The project is very much in process, so we still have a lot to learn. But first and foremost, due to the impact of the pandemic, we have learned to adapt and to approach our methodology from the very perspective we were so concerned about, namely the limitations of online learning and the technologizing of skill for human development. This has been important because it means we have carefully explored those technological processes that replace human skill, as well as those interpersonal, hands-on practices we consider an essential, but undervalued aspect of learning.
We understand that basketry, anthropology and mathematics are three very different subjects, but are also concerned to understand their convergences and ‘hot-spots’. In the process, we have come to focus on how mathematics is a profoundly material subject; that pattern, rhythm and understanding are closely associated; that making and constructing ‘the whole’ of a process gives an overview. Also, that of its nature, scientific method does need to be studied ethnographically as well as quantitatively.
Past experience working as an independent textile artist and community practitioner for the Company of Imagination and Horse and Bamboo Theatre; work with Tim Ingold’s Knowing from the Inside Project at the University of Aberdeen; mentoring by Eduardo Paolozzi and his approach to ‘cutting-across’ the mythical or ritual and the everyday. Also, the ideas on learning and experience of John Dewey, philosophers William James and Henri Bergson; educational psychologists Leo Vygotsky and Barbara Rogoff; Bauhaus weaver Annie Albers and artist Paul Klee. Notions of collaboration of Tomasello, Caroline Humphrey, Paloma Gay y Blasco and Amanda Ravetz. And of course, the ever-present insights of Tim Ingold, Ricardo Nemirovsky and Cathrine Hasse.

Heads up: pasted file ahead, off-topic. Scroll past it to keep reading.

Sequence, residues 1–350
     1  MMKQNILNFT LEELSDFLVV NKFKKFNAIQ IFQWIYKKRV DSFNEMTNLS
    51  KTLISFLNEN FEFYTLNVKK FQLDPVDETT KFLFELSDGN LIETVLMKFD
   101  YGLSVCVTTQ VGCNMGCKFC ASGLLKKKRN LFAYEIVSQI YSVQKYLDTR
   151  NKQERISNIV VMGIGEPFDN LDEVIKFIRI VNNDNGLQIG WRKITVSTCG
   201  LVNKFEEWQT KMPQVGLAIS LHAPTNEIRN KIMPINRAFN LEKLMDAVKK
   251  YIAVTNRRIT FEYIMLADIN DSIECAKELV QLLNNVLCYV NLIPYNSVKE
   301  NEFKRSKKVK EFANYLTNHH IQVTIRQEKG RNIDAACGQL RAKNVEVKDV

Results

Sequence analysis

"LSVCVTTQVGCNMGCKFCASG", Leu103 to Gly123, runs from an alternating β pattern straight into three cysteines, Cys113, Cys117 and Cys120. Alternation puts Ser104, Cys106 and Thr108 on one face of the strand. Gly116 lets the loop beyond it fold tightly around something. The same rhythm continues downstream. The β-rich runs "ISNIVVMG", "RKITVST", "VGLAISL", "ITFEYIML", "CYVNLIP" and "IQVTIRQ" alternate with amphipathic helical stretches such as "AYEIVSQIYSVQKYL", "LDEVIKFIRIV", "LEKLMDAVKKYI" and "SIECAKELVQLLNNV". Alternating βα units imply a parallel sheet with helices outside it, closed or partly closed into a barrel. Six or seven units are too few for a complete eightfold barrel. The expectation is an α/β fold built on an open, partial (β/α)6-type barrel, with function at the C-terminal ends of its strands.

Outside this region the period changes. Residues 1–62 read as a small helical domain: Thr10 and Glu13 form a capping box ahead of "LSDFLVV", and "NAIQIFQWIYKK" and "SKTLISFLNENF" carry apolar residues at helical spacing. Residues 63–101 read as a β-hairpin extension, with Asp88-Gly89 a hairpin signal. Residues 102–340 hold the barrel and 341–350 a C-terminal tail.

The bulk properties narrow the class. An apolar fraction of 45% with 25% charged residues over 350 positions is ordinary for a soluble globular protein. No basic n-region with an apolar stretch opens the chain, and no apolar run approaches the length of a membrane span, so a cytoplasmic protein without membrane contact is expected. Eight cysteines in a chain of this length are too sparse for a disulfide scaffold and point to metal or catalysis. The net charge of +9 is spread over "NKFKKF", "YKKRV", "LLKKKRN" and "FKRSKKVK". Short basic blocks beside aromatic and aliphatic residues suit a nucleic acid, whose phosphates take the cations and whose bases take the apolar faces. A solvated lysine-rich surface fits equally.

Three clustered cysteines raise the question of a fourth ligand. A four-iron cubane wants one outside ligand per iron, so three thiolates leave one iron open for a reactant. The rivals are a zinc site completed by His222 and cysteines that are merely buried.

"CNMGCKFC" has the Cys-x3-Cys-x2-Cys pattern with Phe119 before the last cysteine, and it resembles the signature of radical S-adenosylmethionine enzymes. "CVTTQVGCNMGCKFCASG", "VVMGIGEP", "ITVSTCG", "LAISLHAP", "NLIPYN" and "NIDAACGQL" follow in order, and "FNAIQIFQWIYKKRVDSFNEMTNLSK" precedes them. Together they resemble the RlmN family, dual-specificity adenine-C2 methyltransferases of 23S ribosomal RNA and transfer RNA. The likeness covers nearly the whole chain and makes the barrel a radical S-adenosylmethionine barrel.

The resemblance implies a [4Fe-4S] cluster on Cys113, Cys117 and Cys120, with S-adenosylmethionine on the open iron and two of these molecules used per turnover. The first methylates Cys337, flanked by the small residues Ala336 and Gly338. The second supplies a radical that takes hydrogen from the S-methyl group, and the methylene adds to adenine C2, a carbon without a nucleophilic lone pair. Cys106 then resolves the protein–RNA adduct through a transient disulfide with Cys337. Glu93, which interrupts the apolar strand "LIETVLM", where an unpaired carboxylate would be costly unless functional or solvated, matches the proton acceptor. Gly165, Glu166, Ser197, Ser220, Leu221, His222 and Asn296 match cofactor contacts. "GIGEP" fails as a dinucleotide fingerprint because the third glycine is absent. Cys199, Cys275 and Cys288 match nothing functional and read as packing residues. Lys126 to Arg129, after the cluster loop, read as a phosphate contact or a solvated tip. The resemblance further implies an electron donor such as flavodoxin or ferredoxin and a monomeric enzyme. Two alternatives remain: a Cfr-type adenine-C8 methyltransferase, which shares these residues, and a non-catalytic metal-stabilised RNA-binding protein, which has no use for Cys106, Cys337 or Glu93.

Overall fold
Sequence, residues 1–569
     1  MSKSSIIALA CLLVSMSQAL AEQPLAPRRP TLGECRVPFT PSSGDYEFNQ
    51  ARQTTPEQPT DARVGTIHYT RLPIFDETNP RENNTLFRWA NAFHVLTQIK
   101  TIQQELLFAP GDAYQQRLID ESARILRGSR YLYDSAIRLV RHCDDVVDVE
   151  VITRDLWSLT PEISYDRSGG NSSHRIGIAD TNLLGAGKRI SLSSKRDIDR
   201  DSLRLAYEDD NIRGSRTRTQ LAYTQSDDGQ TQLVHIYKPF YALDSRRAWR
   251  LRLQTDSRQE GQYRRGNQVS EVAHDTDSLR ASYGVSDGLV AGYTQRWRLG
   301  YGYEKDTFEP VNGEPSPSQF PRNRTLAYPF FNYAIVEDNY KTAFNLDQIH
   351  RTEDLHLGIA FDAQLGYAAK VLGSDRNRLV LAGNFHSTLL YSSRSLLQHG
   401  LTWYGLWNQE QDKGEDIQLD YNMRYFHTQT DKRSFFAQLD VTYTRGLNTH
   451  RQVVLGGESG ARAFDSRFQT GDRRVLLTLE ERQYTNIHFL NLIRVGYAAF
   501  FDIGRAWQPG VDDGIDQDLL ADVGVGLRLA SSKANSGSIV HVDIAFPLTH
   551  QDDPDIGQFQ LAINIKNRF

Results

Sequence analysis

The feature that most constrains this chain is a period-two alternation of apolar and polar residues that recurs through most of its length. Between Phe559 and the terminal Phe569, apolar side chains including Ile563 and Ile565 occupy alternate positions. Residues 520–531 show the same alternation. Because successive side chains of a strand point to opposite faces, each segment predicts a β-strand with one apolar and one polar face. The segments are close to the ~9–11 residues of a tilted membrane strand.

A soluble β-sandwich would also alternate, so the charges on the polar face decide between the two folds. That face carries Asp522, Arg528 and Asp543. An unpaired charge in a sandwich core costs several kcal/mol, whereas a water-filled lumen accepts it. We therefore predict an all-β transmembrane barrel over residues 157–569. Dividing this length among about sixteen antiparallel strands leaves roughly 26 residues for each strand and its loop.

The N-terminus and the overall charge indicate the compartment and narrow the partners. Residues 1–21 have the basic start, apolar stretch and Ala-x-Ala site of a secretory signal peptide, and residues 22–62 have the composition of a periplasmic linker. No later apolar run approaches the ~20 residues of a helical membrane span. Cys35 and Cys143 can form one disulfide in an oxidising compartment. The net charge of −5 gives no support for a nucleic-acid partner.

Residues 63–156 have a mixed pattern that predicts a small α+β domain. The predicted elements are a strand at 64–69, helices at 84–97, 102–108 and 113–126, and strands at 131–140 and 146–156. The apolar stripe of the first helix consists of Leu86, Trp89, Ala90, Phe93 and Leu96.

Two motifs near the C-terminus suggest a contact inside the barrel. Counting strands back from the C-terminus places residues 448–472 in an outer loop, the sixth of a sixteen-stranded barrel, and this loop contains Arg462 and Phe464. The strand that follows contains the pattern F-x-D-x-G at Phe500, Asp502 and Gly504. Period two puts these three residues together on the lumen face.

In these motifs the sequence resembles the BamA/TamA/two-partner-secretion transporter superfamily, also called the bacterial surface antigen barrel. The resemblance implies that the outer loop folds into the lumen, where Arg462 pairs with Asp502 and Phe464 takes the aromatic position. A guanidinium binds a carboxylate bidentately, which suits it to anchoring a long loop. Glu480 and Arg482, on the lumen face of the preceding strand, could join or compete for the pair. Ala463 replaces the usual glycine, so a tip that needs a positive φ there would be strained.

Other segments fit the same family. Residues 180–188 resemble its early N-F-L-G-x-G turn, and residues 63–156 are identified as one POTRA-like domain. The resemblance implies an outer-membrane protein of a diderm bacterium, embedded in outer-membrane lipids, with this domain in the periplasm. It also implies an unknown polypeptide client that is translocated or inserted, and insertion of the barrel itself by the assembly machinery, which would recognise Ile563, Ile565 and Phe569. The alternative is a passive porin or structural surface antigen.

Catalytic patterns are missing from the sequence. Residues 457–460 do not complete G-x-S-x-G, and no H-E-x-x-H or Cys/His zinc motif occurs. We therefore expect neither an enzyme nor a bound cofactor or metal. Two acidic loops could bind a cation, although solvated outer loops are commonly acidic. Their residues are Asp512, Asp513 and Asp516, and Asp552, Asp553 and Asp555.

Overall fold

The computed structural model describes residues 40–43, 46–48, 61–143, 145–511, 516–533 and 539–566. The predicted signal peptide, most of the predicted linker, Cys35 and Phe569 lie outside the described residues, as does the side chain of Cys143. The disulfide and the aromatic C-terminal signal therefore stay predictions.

The Woven Communities project laid much of the groundwork for this project. Woven Communities was a Scottish basketry heritage project. The project took basketry as a lens through which to explore Scottish social history. Again, working with three basketmakers, Liz Balfour, Julie Gurr and Dawn Susan, we worked with Scottish museum collections using public engagement, such as public workshops, skills-gatherings and reminiscence events, to draw the public into telling us their stories and memories, inspired through basketry, and to learn more about past skills and artefacts. We developed this further through working with Jon Macleod and Paula Brown of An Lanntair on the Isle of Lewis, exploring the value of craft for the hand memories of people living with Dementia. We also worked with the Stroke Recovery Unit at Raigmore Hospital in Inverness, with Tim Palmer, Monique Bervoets and Ashish Macaden to develop basketry activities linked to occupational therapy for use in stroke recovery and acquired brain injury. These latter two elements of the Woven Communities project formed the groundwork and touch stones through which we developed our ideas on mathematical learning.
Forthcoming book, (eds. Stephanie Bunn and Victoria Mitchell), the Material Culture of Basketry, Bloomsbury, out November 2020.
Stephanie Bunn (ed.) 2016 Anthropology and Beauty, Routledge
Stephanie Bunn 2010 Nomadic Felt. British Museum Press